A test you can look forward to: How STI testing can make sex more fun, free and safe

Despite increased general awareness of sexual health, STIs among young adults are on the rise. A 2021 report by the Sex Information & Education Council in partnership with Trojan Condoms showed an upwards trend of STI contraction among Canadian university students aged 20–24.

The report, which collected responses from 4,500 students across the country, also showed that awareness of STI prevalence as well as condom use both fell during the COVID-19 pandemic. One in three students surveyed said they did not use a condom during their last sexual encounter with a one-time partner.

Similarly, in an informal Sex Survey by The Ubyssey, 40 per cent of 200 respondents said they had engaged in penile-vaginal sex without a condom and without a previous STI screening.

Researchers attributed respondents’ lack of concern to misconceptions and a lack of sexual health education beyond secondary school, leading students to downplay the likelihood and extent to which they could be affected by an STI. In The Ubyssey Sex Survey, the most common barrier to getting tested was a lack of information about where to get tested and how to go about doing it.

Many of the most common infections can also be asymptomatic, which further contributes to inadequate voluntary testing.

In terms of prevention, experts promote condoms and vaccines (such as the Gardasil HPV vaccine), in addition to advocating for the reduction of certain risk factors like substance use and having multiple sexual partners. Advocates also increasingly stress the need to balance the messaging around risk factor mitigation with principles of harm reduction to avoid shaming individuals who are going through an exploratory stage of their lives.

Dr. Rohit Vijh, a senior public health resident at the UBC School of Population and Public Health, works in clinical prevention. He said that destigmatizing sex is an important part of the conversation about STI prevention.

“Having sex is actually a really important part of our overall wellness,” Vijh said. “It promotes pleasure and intimacy and is an important aspect in our lives. It’s all about being empowered to take control over one’s sexual health.”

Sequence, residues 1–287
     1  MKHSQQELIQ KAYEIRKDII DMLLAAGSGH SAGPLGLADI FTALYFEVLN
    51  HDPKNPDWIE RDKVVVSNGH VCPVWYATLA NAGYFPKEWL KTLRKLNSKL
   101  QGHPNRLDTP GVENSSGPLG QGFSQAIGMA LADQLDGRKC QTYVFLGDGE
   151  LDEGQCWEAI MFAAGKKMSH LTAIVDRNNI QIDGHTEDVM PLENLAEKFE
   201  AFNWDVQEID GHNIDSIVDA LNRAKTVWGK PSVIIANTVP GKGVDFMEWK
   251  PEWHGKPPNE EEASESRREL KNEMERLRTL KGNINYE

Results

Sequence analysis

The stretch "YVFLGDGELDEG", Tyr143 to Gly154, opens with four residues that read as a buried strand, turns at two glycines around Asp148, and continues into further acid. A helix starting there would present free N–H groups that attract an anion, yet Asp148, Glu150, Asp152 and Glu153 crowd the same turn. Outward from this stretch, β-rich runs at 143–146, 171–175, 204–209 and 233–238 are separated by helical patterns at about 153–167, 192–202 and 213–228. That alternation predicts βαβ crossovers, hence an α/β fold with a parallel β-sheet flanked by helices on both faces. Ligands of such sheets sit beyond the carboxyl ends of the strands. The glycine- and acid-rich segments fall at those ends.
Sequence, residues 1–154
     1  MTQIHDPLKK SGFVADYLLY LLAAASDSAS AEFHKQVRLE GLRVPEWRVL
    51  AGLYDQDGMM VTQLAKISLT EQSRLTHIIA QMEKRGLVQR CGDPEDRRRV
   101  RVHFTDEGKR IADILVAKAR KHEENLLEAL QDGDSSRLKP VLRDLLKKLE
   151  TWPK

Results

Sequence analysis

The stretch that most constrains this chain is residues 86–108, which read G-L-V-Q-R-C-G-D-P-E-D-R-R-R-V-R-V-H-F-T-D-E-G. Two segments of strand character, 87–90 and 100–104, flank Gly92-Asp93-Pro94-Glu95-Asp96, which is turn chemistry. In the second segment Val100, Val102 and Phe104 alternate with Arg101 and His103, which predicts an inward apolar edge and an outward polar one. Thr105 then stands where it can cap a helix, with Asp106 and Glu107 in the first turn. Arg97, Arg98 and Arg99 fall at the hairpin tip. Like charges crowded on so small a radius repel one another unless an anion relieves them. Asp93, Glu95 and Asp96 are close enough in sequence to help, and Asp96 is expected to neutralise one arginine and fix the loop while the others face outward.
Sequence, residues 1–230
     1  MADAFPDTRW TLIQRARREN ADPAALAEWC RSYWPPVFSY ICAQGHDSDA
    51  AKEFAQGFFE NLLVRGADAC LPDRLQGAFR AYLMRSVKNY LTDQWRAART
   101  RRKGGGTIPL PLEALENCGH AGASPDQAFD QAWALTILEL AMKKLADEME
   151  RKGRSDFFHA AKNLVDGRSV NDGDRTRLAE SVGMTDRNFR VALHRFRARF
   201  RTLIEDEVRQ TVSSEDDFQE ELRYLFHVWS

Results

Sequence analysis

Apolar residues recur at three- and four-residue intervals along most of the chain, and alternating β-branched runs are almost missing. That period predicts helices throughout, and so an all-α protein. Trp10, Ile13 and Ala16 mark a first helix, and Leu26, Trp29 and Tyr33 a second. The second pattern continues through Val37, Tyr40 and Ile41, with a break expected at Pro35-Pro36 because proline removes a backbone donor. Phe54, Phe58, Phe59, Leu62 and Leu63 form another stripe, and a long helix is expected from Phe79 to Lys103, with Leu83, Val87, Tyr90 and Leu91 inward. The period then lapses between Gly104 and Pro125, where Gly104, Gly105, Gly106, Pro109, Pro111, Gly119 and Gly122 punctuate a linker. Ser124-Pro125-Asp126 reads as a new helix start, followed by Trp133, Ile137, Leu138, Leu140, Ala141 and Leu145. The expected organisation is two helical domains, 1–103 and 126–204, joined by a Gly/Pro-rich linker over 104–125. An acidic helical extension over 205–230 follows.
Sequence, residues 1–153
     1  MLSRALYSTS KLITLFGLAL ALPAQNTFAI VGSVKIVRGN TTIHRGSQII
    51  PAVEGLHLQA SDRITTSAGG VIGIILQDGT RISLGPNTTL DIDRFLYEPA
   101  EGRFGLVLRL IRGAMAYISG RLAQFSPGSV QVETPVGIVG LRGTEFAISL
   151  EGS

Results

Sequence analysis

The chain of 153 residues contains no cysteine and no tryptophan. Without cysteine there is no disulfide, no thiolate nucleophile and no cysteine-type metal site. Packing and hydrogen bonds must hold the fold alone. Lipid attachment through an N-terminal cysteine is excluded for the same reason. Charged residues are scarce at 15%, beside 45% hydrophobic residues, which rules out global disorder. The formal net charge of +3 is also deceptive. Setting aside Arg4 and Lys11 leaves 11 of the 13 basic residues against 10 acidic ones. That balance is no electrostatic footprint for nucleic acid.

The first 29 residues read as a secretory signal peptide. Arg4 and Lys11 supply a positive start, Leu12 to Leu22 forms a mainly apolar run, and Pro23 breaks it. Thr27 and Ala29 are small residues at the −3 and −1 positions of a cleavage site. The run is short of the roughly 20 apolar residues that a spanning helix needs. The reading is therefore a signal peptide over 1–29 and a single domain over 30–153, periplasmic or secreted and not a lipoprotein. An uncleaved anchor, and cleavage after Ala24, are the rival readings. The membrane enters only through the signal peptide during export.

Routine STI testing is one strategy students can use to screen for STIs, even when no symptoms are present. Vijh recommended anyone who is sexually active to get routine STI tests.

UBC Student Health Services offers STI testing at both of its on-campus clinics. The BC Centre for Disease Control also offers an online assessment tool that allows you to bring samples to a lab and get results without having to first visit a health care provider.

With STI testing, it’s important to keep in mind the “window period,” which is the time between coming in contact with an STI and when it will show up on test results, according to Vijh. The window period varies for different infections, which you can read more about here.

Marginalized people face additional barriers to testing and treatment.

A 2018 study conducted among undergraduate students in Nova Scotia has shown that university students can get trapped in a “cycle of misinformation” due to unclear communication from care providers and the invisibility of sexual health services. This cycle disproportionately affects 2SLGBTQIA+ students.

The study further demonstrated that non-heterosexual female students were 63 per cent less likely and male students 79 per cent less likely to access sexual health service students than their heterosexual counterparts.

UBC offers NURS 280, a course on sexual health, that is available to students from any program. Vijh said that initiatives like this promote an “open dialogue,” which is an integral part of improving access to sexual health services.

“Everyone is at risk if they are [newly] sexually active or have [new or casual partners], it’s about what we do with that and not shame people or make [them] feel bad for having sex,” Vijh said. “But rather, how we can take charge of our own health.”

This article is from Reclamation, The Ubyssey's 2023 sex and relationships issue. Read more personal essays and student stories from Reclamation here, and sexual health and education articles here.